On 10 March 2017, Franco Acchiardo Olivos, partner of our Corporate Law/M&A area, together with co-author Tomás Kubick Orrego, attorney of the law firm Guerrero Olivos, presented before the Evaluation Commission of the Center for Corporate Governance of the Pontifical Catholic University of Chile, Faculty of Law, the advances of their project The Role of Debt Contracts in Chilean Corporate Governance in the framework of the competitive funding of 2015 granted by the referred Center.
In the referred research, the authors explore the distinct ways in which the positive and negative obligations, called covenants in Anglo-Saxon practice and locally present in debt contract related to bonds issuances, are used in Chile as a tool to help creditors and debtor companies manage the agency conflict created as a consequence of the company financing. This conflict is explained by comparing the interests of the parties: on one hand, the creditor is seeking that its resources are employed efficiently for the development of the corporate purpose, assuring the payment of the sum loaned with interest, and on the other hand, the debtor seeks the greatest degree of discretionality and autonomy for the use and destination of funds.
In the opinion of the co-authors, covenants, loan interest and real and personal guarantees, direct and by third persons – all normal clauses in debt contracts – have been converted over years of Chilean corporate governance practice into tools that permit the parties to channel the referred agency conflict, maximizing the interests at play, without meddling excessively in the financed entity, thereby avoiding any adverse effects on corporate governance.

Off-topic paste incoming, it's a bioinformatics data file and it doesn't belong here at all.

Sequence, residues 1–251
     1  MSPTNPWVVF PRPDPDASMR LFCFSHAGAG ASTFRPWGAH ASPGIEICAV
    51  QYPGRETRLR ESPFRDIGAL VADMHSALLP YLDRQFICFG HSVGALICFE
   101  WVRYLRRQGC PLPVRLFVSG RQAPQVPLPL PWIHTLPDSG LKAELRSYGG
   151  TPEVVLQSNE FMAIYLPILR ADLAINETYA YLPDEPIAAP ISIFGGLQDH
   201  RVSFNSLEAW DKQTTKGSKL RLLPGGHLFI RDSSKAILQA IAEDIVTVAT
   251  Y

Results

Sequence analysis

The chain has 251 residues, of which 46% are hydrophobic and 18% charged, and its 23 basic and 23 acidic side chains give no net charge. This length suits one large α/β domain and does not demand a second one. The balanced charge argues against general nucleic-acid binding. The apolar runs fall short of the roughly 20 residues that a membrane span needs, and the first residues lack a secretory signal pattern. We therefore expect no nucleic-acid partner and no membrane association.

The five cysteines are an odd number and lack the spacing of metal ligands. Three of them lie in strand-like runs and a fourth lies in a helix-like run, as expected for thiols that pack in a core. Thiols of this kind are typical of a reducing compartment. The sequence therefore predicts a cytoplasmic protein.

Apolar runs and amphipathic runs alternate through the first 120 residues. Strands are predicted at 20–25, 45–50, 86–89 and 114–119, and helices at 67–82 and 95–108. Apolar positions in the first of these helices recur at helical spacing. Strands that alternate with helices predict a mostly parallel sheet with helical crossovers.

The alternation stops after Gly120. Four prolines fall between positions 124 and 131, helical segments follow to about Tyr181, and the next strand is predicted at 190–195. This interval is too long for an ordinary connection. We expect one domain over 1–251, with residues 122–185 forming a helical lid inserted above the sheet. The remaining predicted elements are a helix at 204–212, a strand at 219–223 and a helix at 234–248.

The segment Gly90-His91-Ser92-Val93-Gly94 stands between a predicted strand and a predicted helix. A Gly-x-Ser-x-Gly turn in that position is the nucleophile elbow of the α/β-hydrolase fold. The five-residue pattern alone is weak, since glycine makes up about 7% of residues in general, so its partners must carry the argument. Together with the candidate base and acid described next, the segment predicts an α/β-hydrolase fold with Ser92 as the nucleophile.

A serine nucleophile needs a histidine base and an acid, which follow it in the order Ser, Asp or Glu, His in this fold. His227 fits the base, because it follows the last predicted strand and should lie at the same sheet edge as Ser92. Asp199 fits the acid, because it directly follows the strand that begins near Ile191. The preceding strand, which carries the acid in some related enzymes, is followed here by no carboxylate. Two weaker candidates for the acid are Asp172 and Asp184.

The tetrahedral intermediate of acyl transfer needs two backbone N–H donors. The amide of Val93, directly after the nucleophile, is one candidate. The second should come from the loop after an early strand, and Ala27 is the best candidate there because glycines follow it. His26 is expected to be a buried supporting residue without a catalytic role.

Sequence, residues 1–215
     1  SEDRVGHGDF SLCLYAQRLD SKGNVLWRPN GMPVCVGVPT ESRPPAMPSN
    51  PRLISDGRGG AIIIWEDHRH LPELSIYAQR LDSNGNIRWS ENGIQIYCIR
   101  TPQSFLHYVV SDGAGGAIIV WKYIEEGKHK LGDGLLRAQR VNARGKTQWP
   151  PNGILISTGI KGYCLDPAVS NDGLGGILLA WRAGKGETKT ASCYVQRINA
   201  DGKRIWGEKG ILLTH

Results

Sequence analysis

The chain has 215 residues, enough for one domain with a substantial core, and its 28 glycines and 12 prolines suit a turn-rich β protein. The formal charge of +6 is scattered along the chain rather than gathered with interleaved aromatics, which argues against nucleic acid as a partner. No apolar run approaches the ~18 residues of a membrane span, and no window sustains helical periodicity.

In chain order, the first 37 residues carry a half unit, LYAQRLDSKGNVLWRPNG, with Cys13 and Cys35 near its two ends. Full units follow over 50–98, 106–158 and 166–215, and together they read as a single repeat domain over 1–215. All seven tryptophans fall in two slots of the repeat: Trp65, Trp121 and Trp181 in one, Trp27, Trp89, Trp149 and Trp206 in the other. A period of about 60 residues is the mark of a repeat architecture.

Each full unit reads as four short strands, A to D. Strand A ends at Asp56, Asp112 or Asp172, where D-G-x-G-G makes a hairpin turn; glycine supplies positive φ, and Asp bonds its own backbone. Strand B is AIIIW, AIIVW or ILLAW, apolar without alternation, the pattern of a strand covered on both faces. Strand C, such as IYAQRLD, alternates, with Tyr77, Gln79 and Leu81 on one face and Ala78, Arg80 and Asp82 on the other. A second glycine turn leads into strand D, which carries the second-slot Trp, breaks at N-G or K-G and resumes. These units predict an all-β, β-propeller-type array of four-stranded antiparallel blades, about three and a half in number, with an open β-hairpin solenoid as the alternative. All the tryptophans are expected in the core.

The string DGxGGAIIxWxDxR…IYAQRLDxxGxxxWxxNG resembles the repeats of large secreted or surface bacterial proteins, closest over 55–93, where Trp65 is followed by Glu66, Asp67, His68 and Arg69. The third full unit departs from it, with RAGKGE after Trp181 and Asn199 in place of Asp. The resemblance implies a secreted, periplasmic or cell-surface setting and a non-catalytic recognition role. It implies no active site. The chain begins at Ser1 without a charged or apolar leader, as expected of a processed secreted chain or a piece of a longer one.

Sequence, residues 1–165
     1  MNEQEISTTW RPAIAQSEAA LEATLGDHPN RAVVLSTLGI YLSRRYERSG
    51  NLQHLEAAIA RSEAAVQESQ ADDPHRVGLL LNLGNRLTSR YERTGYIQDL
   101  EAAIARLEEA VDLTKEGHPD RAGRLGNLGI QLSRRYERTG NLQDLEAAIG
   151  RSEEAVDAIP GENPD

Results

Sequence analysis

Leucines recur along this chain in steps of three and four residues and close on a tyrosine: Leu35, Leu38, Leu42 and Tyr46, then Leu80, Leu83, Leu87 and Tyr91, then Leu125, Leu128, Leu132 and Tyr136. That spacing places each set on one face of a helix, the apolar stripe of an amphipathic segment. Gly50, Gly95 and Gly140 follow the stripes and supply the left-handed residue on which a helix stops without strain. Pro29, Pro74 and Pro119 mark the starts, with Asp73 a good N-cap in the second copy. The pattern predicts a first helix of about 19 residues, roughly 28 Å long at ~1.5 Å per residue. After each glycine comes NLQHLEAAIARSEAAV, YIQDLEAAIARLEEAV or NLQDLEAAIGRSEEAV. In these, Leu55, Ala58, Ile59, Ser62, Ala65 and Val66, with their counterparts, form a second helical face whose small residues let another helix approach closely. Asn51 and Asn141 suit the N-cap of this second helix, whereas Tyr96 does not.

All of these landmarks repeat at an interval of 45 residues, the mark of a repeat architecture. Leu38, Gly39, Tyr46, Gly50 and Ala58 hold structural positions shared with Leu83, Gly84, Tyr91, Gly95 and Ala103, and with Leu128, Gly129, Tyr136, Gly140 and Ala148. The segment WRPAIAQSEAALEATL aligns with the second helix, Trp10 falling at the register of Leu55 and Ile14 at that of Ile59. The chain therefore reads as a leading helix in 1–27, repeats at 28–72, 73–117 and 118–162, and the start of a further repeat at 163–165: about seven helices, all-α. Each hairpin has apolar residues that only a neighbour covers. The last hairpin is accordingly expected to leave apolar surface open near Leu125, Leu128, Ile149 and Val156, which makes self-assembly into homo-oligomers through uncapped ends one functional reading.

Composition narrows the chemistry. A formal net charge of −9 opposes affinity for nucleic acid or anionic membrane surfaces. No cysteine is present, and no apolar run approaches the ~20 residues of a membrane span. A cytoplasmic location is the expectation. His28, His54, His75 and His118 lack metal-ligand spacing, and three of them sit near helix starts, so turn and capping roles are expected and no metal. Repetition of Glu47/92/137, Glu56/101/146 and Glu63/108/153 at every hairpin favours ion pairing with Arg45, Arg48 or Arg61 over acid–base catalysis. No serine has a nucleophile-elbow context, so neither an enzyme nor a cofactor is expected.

Through the empirical analysis of debt contracts entered into by public corporations listed in the Securities Registry of the Superintendency of Securities and Insurance (Superintendencia de Valores y Seguros (“SVS”)) and the SVS General Rule N° 30, of 10 November 1989, the authors seek to determine which are the clauses that identify the most used covenants in Chile, how such agreements are reflected in transaction costs and financial indicators or ratios of the financed companies, and finally, what are the effects on Chilean corporate governance looking at comparative experience.